While there are many diseases that fall under the umbrella term heart disease, little attention is paid to cardiomyopathy. This disease is caused by long-term alcohol abuse and leads to heart failure in the victim.
Symptoms of this debilitating disease usually appear after the disease has progressed. Symptoms include swelling of the ankles, feet, and legs; Loss of appetite, difficulty breathing, tiredness, shortness of breath, decreased concentration, coughing up phlegm or pink material, need to urinate at night, palpitations and an irregular or rapid heart rate. Once these symptoms appear, the disease is already advanced.
The course of treatment for this disease is complete abstinence from alcohol. A restricted diet and medication are also prescribed. The most difficult part of treatment can be abstinence from alcohol. If a patient has abused alcohol in a way that causes heart disease, they have likely suffered from the disease of alcoholism for most of their life. It is imperative that the patient seek treatment for alcoholism as part of their overall treatment plan.
Finding the right treatment for alcoholism is not always easy. The patient must understand their alcohol abuse and be willing to treat it for treatment to be successful. The connection between heart disease and alcoholism must be clear to the patient so that they can understand the effects of their continued drinking. While heart disease may never be reversed, its progression can be slowed or stopped.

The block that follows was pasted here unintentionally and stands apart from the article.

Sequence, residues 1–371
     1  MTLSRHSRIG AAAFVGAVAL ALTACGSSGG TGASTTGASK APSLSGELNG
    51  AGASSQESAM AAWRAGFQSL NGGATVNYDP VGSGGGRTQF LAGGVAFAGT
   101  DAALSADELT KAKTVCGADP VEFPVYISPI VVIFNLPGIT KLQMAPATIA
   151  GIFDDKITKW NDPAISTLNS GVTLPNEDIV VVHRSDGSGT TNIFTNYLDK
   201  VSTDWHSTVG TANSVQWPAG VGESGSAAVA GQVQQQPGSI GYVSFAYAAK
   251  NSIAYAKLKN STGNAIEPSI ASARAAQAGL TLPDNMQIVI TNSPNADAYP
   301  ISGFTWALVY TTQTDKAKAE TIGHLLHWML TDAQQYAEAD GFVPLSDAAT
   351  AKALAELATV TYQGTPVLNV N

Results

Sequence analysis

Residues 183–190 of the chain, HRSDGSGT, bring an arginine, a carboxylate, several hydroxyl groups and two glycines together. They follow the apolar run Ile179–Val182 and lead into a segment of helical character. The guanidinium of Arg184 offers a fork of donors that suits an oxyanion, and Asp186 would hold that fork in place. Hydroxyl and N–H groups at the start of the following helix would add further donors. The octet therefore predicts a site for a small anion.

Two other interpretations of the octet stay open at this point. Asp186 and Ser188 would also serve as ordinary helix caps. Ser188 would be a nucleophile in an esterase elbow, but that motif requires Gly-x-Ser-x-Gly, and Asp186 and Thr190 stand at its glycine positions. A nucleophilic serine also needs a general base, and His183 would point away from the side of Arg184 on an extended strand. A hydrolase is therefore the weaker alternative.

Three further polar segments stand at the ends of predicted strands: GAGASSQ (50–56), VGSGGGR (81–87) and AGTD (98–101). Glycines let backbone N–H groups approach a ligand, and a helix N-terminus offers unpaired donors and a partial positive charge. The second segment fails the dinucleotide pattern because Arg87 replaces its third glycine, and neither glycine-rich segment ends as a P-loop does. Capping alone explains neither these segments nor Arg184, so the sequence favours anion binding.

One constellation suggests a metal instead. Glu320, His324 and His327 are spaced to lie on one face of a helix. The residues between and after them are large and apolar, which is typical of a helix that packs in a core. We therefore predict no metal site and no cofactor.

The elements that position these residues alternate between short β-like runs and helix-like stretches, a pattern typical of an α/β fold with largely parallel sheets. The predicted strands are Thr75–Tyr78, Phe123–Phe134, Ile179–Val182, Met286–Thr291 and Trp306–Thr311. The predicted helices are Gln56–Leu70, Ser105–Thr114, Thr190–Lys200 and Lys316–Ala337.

Many alcoholics fail to see the connection between their physical problems and the alcohol they consume. One of the most frustrating aspects of alcoholism is the denial that usually accompanies it. Families and friends of alcoholics are also usually guilty of this denial. Many families cover up a loved one’s drinking so they don’t feel the ill effects of their illness. This has to stop in any case, but especially in the case of alcohol-related heart diseases.
The patient suffers from two diseases and both must be treated successfully for the patient to survive. Families need to understand that covering up their problems and allowing them to drink uncontrollably is not helping the alcoholic. Every family member needs to be involved in the recovery of their loved ones. Participation can mean that family members no longer cover up the drinking and do not allow the alcoholic to lie about their drinking. Meeting your responsibilities is the best medicine a family can offer an alcoholic.
Although alcohol may have caused the heart disease, the patient need not contribute further to further deterioration. Heart disease caused by excessive and chronic drinking is a wake-up call for the alcoholic. It is a message from the body that their continued abuse must stop. You need to heed the warnings your body is giving you before it’s too late.
Thanks to John Jacobsen